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Date: 09 May 2012
Title: 2012 Year of the Detective - Mthethwa
Pretoria - Police have dubbed 2012 as The Year of the Detective and will direct their energies to 10 priorities, says Police Minister Nathi Mthethwa.
Delivering his budget vote in Parliament on Wednesday, Mthethwa said his ministry had, in this fiscal year, narrowed its focus to the 10 priorities that were not only achievable but had to be achieved.
The first priority was transforming the police, particularly with regards to aspects, units or specialised areas that remained untransformed in terms of race and gender.
In addition, transformation also involved creating police officers that inspired confidence, respected and upheld the Constitution, and did not tolerate disloyalty or ill-discipline, he added.
Next on the Ministry's agenda was smart policing with the aim of enhancing the Criminal Justice System.
The first step was harmonising the Information Communication Technology (ICT) sector within the SAPS.
Once this was achieved, an e-docketing system that would eliminate the problem of missing dockets would be possible. ICT would also contribute to the increased detection rate, the roll out of war rooms and the improvements in Forensic Laboratories.
Mthethwa noted that there was a budget of approximately R2.6 billion on technology, as allocated under the Technology Services Management (TMS) division.
"However, allegations of tender mismanagement, irregular expenditure and lack of return on investment have been brought to my attention...I have instructed that the Directorate for Priority Crime Investigations (Hawks) to conduct a comprehensive investigation into allegations of corruption in the TMS environment," he said.
In addition, the minister wants, by the end of the month, a turn-around strategy from TMS, he said.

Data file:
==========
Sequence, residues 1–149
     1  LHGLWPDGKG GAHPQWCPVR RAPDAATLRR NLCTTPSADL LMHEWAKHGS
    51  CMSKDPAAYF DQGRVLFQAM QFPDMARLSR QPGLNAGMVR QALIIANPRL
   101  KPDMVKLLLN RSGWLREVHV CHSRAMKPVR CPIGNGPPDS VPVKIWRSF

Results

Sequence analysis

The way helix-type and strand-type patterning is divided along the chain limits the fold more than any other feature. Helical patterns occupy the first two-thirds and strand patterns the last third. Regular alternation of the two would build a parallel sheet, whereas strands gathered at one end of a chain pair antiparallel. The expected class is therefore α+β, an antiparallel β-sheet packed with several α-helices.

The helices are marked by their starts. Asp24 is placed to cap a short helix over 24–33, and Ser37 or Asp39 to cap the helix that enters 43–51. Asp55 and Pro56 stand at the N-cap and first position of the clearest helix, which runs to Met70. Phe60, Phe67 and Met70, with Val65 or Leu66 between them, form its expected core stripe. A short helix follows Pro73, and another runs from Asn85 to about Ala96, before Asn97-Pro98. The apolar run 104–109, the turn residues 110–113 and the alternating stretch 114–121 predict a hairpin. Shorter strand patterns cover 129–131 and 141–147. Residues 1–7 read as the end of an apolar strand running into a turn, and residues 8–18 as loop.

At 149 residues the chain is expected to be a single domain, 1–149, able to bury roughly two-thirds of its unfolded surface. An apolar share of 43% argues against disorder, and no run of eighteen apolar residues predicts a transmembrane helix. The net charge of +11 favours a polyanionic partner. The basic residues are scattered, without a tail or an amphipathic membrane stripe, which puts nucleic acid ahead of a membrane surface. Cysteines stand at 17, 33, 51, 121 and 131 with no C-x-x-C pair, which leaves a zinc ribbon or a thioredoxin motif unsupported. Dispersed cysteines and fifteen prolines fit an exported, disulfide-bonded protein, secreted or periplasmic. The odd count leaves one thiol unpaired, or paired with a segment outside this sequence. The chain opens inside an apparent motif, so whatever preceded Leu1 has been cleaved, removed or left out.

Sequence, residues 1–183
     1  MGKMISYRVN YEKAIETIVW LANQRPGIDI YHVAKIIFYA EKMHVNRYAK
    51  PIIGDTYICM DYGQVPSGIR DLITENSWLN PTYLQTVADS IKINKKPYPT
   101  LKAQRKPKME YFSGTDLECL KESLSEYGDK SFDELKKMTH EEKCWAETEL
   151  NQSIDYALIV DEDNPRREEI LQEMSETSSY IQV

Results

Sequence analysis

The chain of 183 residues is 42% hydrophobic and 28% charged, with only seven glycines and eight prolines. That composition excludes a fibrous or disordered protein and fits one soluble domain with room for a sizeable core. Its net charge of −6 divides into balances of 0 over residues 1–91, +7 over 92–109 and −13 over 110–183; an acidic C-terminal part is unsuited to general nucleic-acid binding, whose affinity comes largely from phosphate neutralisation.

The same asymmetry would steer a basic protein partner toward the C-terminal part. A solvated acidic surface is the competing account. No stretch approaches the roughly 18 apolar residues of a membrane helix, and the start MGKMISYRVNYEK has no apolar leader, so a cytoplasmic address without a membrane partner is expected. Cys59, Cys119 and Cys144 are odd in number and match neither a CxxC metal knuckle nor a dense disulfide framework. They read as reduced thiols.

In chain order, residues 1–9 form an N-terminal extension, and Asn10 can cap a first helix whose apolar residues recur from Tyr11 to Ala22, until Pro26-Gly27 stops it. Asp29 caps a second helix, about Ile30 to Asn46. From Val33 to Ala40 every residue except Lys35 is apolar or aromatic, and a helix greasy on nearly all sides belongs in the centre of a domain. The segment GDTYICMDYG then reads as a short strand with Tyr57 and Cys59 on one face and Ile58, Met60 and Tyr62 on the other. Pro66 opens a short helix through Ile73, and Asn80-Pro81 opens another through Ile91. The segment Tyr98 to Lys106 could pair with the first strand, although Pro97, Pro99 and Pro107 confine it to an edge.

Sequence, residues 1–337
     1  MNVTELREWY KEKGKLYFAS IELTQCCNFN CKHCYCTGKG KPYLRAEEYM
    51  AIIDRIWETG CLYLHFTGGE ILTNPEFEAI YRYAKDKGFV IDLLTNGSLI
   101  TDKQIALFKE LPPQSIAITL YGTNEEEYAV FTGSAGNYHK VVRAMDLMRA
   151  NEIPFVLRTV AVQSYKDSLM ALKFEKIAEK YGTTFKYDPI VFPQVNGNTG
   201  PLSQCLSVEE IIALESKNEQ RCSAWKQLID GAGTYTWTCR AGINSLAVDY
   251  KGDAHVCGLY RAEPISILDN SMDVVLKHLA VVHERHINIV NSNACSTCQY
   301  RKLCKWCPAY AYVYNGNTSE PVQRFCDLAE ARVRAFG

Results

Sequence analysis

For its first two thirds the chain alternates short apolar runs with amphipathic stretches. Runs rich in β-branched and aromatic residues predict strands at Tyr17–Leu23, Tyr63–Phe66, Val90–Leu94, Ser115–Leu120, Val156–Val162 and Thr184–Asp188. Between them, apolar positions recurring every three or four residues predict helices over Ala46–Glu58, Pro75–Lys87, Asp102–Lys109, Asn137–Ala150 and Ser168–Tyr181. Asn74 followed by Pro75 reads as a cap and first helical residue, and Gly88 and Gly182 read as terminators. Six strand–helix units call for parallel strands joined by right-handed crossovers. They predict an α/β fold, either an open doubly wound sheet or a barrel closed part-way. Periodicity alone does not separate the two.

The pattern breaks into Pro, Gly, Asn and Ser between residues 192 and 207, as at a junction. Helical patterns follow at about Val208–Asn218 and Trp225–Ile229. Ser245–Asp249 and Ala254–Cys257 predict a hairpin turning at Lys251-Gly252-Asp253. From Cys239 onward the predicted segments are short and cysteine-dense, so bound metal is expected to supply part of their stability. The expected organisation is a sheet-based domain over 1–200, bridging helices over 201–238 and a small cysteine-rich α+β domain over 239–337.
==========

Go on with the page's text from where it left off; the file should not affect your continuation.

Another priority is ensuring that the pace at which new police stations were built was accelerated.
The focus will be to build police stations around rural areas and townships and to ensure they were correctly capacitated with committed personnel and improved systems and operations.
In the current financial year, another aim will be to police public service delivery better.
A new policy for Public Order Policing (POP) was introduced in 2011 and this year Mthethwa wants to see the policy effectively implemented countrywide.
An additional focus area will be the strengthening of crime intelligence as well as improvements in detective services.
"For us to increase the conviction rate, crime intelligence and detective services should deepen their link," he said.
Mthethwa noted the success of the DPCI in the fight against crime.
"As part of our concerted drive on specialised investigations, particularly in tackling commercial crime, the DPCI arrested 8 309 individuals and secured 5 561 convictions; when it comes to organised crime they further arrested 2 820 and secured 884 convictions," he said.
The Anti-Corruption Task Team also recorded significant successes by arresting 38 suspects for fraud and corruption amounting to R 212 528 988 and seizing assets totalling R150 million.
A further area of focus for police is crime against women and children and in particular, strengthening Family Violence, Child Protection and Sexual Offences Units.
Other priorities include curbing rhino poaching; the review of the white paper on safety and security; skills-focused recruitment; strengthening oversight on police; and improving Forensic Science Laboratories.
Mthethwa also announced a commission of enquiry into the operations of firearm dealerships after his office received numerous complaints regarding unscrupulous dealers and trainers.
In addition, the minister has issued a policy directive that SAPS must now implement.
"This policy includes issues of competency, disciplinary and criminal process regarding officials loosing firearms as well as more effective control mechanisms in the reissuing of firearms to officials who have lost their firearms," he said. - BuaNews